They asked not counsel at the mouth at the Lord. – Josh 9:14
What an ominous sound there is in those words! They portend disaster—and it befell. Up to this moment the initiative had always been taken by the Lord. Now for the first time it is taken by Joshua and the people. It was a bad business! Certainly the Gibeonites did their work with guile, and were more than a match for the chosen race. Probably they would not have dared to attempt such a piece of imposition on men of their own sort; but the Israelites seemed a likely prey. They had so recently come into the land, that they might be supposed to be unfamiliar with the guile of Canaan. Yet how astute they fancied themselves!
So the children of God are imposed upon still! Women get married to unconverted husbands, supposing all the while that they are converted. Ministers of churches admit ravening wolves into their midst, deceived by the device of the sheepskin. Young converts get seduced from the simplicity and purity of the faith by lying spirits, that seem as lovely as God’s angels. This is due to their relying on their own judgment, and not asking counsel of God. We must try the spirits, whether they be of God, for many false spirits are gone out into the world. – F. Meyer
[Sometimes the old guys have the best insights]
As noted in the last entry, Calvin observed-
[I]n the Church we must always be upon our guard, lest we pay too great a deference to men. For it is all over with her, when a single individual, be he whosoever you please, has more authority than all the rest, especially where this very person does not scruple to try how far he may go.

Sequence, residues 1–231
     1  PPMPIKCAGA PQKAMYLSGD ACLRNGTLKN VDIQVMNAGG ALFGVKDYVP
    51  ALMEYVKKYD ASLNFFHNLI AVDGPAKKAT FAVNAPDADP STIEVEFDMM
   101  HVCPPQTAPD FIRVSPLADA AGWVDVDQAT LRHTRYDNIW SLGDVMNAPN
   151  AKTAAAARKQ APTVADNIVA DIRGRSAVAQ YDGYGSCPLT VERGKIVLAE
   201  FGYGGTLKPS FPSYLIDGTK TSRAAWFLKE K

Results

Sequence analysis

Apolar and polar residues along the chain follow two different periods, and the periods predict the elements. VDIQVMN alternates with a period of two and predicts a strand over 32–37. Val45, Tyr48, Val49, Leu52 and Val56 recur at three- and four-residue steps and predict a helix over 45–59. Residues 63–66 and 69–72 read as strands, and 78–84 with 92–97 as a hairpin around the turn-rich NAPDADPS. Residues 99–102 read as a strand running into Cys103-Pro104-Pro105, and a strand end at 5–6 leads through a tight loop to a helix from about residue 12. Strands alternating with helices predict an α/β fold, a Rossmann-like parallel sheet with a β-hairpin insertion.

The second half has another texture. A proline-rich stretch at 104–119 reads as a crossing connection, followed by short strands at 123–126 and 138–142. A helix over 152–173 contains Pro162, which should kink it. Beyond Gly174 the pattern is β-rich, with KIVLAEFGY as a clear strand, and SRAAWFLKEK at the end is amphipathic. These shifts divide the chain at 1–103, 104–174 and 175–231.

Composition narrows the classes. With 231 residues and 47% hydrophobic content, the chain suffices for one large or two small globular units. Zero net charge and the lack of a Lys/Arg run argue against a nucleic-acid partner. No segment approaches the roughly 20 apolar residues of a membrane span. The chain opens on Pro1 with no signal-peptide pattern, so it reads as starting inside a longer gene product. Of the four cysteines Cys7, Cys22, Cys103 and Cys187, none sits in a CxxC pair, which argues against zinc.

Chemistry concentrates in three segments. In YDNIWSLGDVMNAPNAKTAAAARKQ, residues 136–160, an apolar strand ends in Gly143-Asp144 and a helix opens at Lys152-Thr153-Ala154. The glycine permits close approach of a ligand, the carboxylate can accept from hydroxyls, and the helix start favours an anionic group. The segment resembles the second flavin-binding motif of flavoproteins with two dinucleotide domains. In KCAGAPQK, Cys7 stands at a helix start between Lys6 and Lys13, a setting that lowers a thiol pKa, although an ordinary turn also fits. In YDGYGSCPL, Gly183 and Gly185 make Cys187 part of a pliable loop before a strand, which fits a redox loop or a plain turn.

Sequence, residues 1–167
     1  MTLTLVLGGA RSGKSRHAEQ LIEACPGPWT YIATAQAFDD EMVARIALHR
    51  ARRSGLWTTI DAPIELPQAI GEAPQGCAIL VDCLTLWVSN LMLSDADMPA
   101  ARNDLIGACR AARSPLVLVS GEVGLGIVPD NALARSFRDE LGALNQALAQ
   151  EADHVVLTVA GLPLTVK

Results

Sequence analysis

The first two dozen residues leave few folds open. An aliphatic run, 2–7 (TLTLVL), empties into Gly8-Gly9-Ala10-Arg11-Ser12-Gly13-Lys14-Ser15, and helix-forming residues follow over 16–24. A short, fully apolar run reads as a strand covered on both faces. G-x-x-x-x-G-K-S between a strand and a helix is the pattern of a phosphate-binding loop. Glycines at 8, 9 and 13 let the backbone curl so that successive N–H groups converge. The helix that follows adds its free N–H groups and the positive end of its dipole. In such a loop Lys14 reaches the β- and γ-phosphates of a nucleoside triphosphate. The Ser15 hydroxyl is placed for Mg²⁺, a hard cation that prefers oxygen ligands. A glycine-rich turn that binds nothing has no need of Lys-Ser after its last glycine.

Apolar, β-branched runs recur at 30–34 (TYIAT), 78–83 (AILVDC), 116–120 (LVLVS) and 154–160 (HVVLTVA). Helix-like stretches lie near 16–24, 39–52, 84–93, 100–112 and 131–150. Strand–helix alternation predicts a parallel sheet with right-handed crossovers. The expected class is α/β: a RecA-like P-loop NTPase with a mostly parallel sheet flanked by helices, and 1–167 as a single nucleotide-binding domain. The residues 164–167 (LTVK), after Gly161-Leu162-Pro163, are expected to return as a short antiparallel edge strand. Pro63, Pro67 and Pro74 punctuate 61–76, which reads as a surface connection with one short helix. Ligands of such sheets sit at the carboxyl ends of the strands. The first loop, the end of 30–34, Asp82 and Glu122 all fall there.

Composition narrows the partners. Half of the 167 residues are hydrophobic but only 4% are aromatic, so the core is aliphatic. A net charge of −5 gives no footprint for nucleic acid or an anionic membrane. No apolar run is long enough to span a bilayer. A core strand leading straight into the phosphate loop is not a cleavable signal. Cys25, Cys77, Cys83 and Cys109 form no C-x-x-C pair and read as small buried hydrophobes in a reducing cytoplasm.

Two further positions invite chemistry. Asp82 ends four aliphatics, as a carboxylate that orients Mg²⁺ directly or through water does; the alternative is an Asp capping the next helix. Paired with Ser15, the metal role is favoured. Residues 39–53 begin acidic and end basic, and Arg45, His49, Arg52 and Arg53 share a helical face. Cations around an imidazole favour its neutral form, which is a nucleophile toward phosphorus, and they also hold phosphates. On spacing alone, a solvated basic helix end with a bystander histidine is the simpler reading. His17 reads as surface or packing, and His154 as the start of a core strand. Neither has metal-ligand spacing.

Such is also true in the Academy, where hero worship is too common and where, if ‘Professor Dr. Hillbillicus of Yale, who has published with Brill’ offers an opinion all are expected and urged to agree; and indeed – if all don’t comply they are reminded that ‘Professor Hillbillicus is a SENIOR SCHOLAR and hence you must NEVER have the temerity to call him to account!’
What’s true for the Church is also true for the Academy: idolatry has no place.
In a letter to Melanchthon, Calvin writes
If the matter stands as the Zurichers say it does, then they have just occasion for their writing. Your Pericles [Calvin means Luther of course] allows himself to be carried beyond all due bounds with his love of thunder, especially seeing that his own case is by no means the better of the two. We all of us do acknowledge that we are much indebted to him. Neither shall I submit myself unwillingly, but be quite content, that be may bear the chief sway, provided that he can manage to conduct himself with moderation. Howbeit, in the Church we must always be upon our guard, lest we pay too great a deference to men. For it is all over with her, when a single individual, be he whosoever you please, has more authority than all the rest, especially where this very person does not scruple to try how far he may go.
The background to this letter is as follows-
When that question is usually asked it’s asked by folk who feel as though they’ve been mistreated by God. But it’s better asked in a different context and for a different reason.
I suppose there are some persons whose minds naturally incline towards the doctrine of free-will. I can only say that mine inclines as naturally towards the doctrines of sovereign grace. Sometimes, when I see some of the worst characters in the street, I feel as if my heart must burst forth in tears of gratitude that God has never let me act as they have done! I have thought, if God had left me alone, and had not touched me by His grace, what a great sinner I should have been! I should have run to the utmost lengths of sin, dived into the very depths of evil, nor should I have stopped at any vice or folly, if God had not restrained me. I feel that I should have been a very king of sinners, if God had let me alone. I cannot understand the reason why I am saved, except upon the ground that God would have it so. I cannot, if I look ever so earnestly, discover any kind of reason in myself why I should be a partaker of Divine grace. – C.H. Spurgeon.
Why me indeed.